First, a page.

In brief, Ben, along with other children, knows more about counting than is initially evident. He is not only memorizing the numbers but also thinking about what he is memorizing, even at the beginning of his third year. He has figured out, probably by himself, that the category of numbers is different from the category of colors (would anyone have ever explicitly taught him that idea?), and that there are rules for counting, specifically: don’t repeat a number and don’t skip any. And like other children, he is very likely to know the start-from‐one rule.
Children’s math, even learning the counting numbers, involves more than memory: independently, young children learn abstract mathematical ideas, even at age three. Parents may be unaware of what their children are learning. Further, as Ben gets older he becomes increasingly able to verbalize his thinking: at age four, he not only recognizes mistakes but also is able to explain why they are mistakes. Language and expression are key aspects of math.
At three, Ben is even practicing to be a cognitive psychologist himself when he decides to play the mistake game with Janet as the experimental subject!
After memorizing the first 12 numbers, learning that number is different from other categories like color, and acquiring rules about skipping and repeating and starting-from-one, English speaking children are faced with a challenge: the words from thirteen to nineteen are difficult to learn. One approach is to memorize them, which would bring to 19 the total number of number words to be learned in this way. That’s a lot to memorize, but there may be little choice. The alternative approach is to learn the underlying pattern, namely that the unit words (one through nine) are followed by teen, which derives from ten. Thirteen is a form of “three-ten;” fourteen is a form of “four-ten;” and so on until “nine‐ten.” But the pattern may be hard to detect and the words are strange. "Thir" stands for three, and teen for ten. Fourteen is easy, but "fif" in fifteen stands for five. It makes no sense to teach the pattern because after 19 the pattern reverses, as we shall soon see. A pox on the “yucky teens!”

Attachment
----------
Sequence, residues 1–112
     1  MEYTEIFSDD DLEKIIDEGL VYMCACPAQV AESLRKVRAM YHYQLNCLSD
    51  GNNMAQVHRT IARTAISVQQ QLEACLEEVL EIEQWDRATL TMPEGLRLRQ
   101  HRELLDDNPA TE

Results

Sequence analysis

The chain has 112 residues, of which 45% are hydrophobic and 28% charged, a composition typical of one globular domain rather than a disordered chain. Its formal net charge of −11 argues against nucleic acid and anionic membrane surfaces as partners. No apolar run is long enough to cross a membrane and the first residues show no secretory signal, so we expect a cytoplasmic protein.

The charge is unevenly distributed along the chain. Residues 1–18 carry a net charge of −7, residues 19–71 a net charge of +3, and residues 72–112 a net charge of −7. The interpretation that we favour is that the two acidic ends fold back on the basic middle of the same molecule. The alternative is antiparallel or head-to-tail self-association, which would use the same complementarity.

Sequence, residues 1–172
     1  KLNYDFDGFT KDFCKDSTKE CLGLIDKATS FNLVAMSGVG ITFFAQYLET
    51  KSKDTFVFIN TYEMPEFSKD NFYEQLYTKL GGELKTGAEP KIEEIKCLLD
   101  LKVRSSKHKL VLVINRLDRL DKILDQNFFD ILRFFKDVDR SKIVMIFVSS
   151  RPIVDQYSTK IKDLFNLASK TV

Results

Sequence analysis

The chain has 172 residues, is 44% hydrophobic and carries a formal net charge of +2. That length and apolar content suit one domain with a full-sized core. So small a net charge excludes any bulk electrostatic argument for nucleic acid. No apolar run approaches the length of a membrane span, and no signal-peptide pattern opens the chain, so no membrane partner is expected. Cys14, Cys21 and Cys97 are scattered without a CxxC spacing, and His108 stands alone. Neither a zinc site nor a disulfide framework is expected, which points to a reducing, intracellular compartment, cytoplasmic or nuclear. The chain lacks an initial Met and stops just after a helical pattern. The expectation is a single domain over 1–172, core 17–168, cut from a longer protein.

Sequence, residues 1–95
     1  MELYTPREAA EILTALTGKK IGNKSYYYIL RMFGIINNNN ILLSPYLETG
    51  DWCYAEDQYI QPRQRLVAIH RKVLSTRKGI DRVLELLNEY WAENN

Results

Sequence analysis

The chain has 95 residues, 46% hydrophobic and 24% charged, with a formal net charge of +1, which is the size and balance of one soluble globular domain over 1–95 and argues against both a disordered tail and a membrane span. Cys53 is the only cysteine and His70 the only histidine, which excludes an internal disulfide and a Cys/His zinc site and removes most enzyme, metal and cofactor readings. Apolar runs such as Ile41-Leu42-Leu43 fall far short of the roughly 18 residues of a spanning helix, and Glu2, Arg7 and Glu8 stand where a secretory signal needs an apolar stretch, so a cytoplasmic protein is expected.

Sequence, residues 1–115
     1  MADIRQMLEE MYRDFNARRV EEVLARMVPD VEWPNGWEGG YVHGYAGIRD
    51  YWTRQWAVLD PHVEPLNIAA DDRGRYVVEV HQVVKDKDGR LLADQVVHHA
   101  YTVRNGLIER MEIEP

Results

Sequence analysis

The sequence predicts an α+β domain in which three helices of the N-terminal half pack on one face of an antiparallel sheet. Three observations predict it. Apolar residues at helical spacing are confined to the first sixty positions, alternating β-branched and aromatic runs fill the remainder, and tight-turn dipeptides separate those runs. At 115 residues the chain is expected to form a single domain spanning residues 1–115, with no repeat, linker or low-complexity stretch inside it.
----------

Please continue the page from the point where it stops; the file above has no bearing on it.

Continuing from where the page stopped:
At age five, Ben has no difficulty with these strange teen words from thirteen to nineteen; he rattles off the numbers from one to 29.